Larry Page has earned his name in the history books. He co-founded the company that is now known as Alphabet. The name Google has changed the world and the brand is a household name.
There are many who aspire to be a leader who has an impact on the world, but very few achieve it. Here are seven leadership skills that you can learn from Larry and implement in your life.
1 Lesson #1: Leaders Don’t Chase Money
When Larry and Sergey Brin met at Stanford University and built PageRank, a precursor to Google, they weren’t trying to change the internet with a billion-dollar idea. All that they were interested in was building a technology that they thought was very exciting.
In late 1995, Larry was involved in a research project that birthed the idea for Google. He noticed that there were many links on the World Wide Web, and no one was really paying attention to them.
Larry saw this as an opportunity to study these links and try to rank them based on which links were important. This, he thought at the time, would be something fun to do and at the same time, it would be something practical that would have a real impact on the world.
Back then, when people searched for something like Stanford University, they were presented with links from the website at random. The search engines had no way of telling which links were important and which ones were relevant to the person performing the search. PageRank solved this problem and it later grew into the multi-billion revenue-generating brand known as Google.
2 Lesson #2: The World Won’t Care Until You Make It
Most startups think about selling to a multinational after they grow large enough. There was a time when Larry and Sergey also considered selling. The only problem was that most of the companies they spoke to weren’t interested in the technology that they had built.
It was easy to recognize the talents of Larry and Sergey, and the big companies wanted to hire them. The company the duo built was seen more like baggage they had to take on.
Larry and Sergey got fair offers for their company and they could have become millionaires right then. However, they decided against the idea of selling because there was no point in selling the company to people who didn’t care about this new technology.
3 Lesson #3: If You Don’t Have Experience-Read!
Larry didn’t really have a mentor who taught him how to lead. What he relied on was reading. He read a lot of books on a variety of topics.
There are books on all sorts of management and leadership topics. Larry once jokingly said that he had read three books on how to name a company, which according to him is more than what anyone else would probably read on the subject. Larry went around calling himself an expert on naming companies after reading those books.
It pays to read. It doesn’t matter how big or small the subject matter.
4 Lesson #4: Know Your Handicap And Learn to Compensate
As the CEO in his late 20s, Larry knew his biggest handicap was his age. This problem posed challenges right from hiring people to managing his team. But, he found a way to compensate for this handicap.
The technical skills that Larry had as a young man allowed him to have a vision of the future. He was able to clearly see where the industry was headed. This helped him to compensate for his lack of experience.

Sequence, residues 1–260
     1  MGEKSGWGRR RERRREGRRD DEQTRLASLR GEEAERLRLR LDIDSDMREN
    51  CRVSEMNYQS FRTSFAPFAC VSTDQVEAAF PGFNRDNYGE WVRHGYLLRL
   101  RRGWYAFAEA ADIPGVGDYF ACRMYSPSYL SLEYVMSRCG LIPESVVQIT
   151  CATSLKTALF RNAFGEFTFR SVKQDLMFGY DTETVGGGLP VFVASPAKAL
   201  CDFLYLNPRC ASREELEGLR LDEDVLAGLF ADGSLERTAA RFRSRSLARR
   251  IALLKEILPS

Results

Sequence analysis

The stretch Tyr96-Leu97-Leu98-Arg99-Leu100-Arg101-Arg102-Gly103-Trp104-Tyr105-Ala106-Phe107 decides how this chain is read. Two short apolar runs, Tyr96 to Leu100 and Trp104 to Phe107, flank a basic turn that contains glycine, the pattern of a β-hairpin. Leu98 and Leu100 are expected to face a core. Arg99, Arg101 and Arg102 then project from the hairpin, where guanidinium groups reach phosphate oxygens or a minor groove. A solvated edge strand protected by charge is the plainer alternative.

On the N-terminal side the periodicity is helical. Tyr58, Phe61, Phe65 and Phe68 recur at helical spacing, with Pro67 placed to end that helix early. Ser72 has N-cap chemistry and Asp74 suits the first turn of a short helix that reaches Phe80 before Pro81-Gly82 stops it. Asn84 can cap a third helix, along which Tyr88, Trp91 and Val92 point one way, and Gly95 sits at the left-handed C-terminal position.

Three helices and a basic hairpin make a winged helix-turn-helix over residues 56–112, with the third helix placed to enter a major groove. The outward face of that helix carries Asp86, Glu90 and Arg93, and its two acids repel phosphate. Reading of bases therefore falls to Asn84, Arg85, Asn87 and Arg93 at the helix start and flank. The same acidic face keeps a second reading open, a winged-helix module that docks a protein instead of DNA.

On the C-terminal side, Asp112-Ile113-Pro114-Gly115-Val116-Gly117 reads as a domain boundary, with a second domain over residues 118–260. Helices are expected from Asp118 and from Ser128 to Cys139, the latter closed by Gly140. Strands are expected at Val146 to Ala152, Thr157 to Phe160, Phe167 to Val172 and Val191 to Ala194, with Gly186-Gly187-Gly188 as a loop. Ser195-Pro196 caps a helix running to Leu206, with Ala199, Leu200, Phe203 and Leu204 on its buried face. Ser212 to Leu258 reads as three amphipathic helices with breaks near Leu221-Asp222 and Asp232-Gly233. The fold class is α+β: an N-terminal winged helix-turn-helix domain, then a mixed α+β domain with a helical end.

5 Lesson #5: Big Ideas Take Time to Grow
At Google, Larry and his team always try to do things that they believe will have a huge impact on the world. Not all of these ideas work, and some of them that do work take a long time to become a huge success.
One of the innovations of the company that probably everyone has heard about is Google Maps. However, this technology took seven years for them to build. They started on this technology even before phones allowed people to use maps. The only place you could use it was on your computer.
Big ideas like Google Maps take time to build and deploy. However, it is this hard work and ability to envision a better future that helps create successful businesses.
6 Lesson #6: The Biggest Motivator of Them All
How do you feel about Monday mornings? If you are a small business owner, imagine what your employees feel on Monday mornings. Do you think it is the same feeling that Larry and his team have?
Money can never be a motivating factor while working at a job or running a business. We all need money to pay bills and go on holidays, but life is much larger and grander than that. Larry often says that if they were motivated only by the money they would have sold the company a long time ago.
For Larry and his team, it is important for them to feel that the work they are doing is impactful. People at Google know that they are working on technologies that will change the world. Getting up to go to work becomes a lot easier when you are on a mission to change the world.
7 Lesson #7: Know Your Employees And You Will Know Your Future
Larry takes a keen interest in hiring people. He is personally involved in the hiring process.
When companies grow, it is natural for it to become bureaucratic. Larry hates that. That is why he created an approval system of hiring that he is a part of. In 2015, when Google hired 6,000 people around the world, Larry approved each and every one of them.
Being involved in the hiring process is empowering for Larry. He feels that his involvement helps him understand what’s really going on in the company.
8 The Job of a Leader
After all that is said and done, the core job of a leader is to try and see ahead of the curve and help the team to get where the company needs to go. While this may sound easy on paper, leaders know just how hard it is. Still, you can achieve much by just putting in the necessary work!